Check the weather
This may be seem obvious, but never forget to check the weather. You’ll be amazed at how quickly your favourite routes can become long and scary ones if you get stuck in extreme weather. You need to avoid putting yourself in danger and steer clear of strong winds, freezing rain and blizzards. Always check the weather forecast and your trail conditions before setting out. If the weather begins to become unmanageable, turn back immediately as you’ll have less daylight and run the risk of getting stuck.
Brush up on your health
As we have covered already, extreme cold is bad news for the human body and you run the risk of contracting frostbite and hypothermia. Make sure you research and remind yourself of the warning signs of both of these. If travelling in a group, you should also make sure everyone else is aware of this too. Make sure everyone has accessories like hand-warming packets and a first aid kit in case somebody does get hurt. Never shrug it off and try to be a hero if you’re feeling unwell. Always speak up, it’s better to make it home safe.
Other things to remember
- Daylight hours are a lot shorter in the Winter, they really creep up on you! You need to hit the trail early to avoid being out in the dark.
- Winter hiking also takes twice as longer as Summer hiking, this is because we tend to move slower and also encounter more obstacles. With the previous post in mind, plan accordingly. Even if you think you are over-planning.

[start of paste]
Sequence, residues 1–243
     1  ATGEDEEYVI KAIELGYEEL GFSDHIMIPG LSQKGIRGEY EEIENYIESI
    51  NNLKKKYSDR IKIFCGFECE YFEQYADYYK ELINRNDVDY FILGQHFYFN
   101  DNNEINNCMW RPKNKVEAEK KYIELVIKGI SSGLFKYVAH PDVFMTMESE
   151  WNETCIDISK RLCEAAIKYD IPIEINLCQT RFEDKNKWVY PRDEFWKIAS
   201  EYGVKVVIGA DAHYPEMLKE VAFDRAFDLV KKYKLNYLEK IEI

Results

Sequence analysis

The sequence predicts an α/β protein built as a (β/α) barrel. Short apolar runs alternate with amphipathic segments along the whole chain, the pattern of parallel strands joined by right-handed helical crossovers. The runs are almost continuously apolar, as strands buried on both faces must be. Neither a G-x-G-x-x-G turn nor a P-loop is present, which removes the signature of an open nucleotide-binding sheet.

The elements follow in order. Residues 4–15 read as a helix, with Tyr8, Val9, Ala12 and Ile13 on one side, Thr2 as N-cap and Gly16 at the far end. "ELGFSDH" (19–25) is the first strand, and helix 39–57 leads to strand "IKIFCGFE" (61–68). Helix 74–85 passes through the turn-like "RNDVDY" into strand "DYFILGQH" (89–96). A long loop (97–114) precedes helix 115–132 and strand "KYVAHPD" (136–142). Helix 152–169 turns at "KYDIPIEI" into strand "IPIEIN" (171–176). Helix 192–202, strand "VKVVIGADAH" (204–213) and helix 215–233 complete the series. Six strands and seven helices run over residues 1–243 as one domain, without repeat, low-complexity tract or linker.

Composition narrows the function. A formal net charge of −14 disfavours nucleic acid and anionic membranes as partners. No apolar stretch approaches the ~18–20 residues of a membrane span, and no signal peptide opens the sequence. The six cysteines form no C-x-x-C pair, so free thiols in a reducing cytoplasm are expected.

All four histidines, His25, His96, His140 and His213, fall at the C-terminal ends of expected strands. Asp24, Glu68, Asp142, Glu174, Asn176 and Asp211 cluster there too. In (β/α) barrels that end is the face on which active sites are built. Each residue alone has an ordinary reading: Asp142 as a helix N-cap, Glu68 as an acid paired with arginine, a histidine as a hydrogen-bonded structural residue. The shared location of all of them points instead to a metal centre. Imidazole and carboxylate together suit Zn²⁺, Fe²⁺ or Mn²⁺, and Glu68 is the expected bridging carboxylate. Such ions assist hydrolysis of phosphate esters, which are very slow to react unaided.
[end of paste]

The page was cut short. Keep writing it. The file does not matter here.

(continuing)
- Another thing to remember is in freezing conditions is that technological devices tend to malfunction in cold temperatures. Always pack extra batteries or battery packs, but when it comes to navigation don’t reply on your phone!
- If trekking in snow, snowpack can actually hide the trail. This makes it easier for trail markers to get lost. Between this and the high potential of your phone malfunctioning, it’s even more important to stay alert, pay attention and know how to use a map.
- Exercising during the Winter, especially in extreme conditions, burns more calories. This is why it’s extremely important to stay nourished. Not only will this help refuel you energy-wise, it will also keep you warm too. Every little helps.
- Hydration is important on any given day, but even more so when you’re hiking in colder weather or extreme weather. Dehydration expedites the onset of hypothermia. It is incredibly important to stay hydrated. Remember if you feel thirsty, you’re already dehydrated.
- In the Summer months, you typically avoid the sunniest part of the day when hiking. However, in the Winter it’s actually the opposite! You want to try time your hike for when the sun is highest in the sky and the warmest. As soon as the sun drops behind the mountains and trail becomes shady, temperates can drop significantly.
Contact My Climbing Gear
If you are looking for more tips and advice designed to make you a better climber, as well as a wide range of name brand climbing gear and apparel, check out My Climbing Gear today!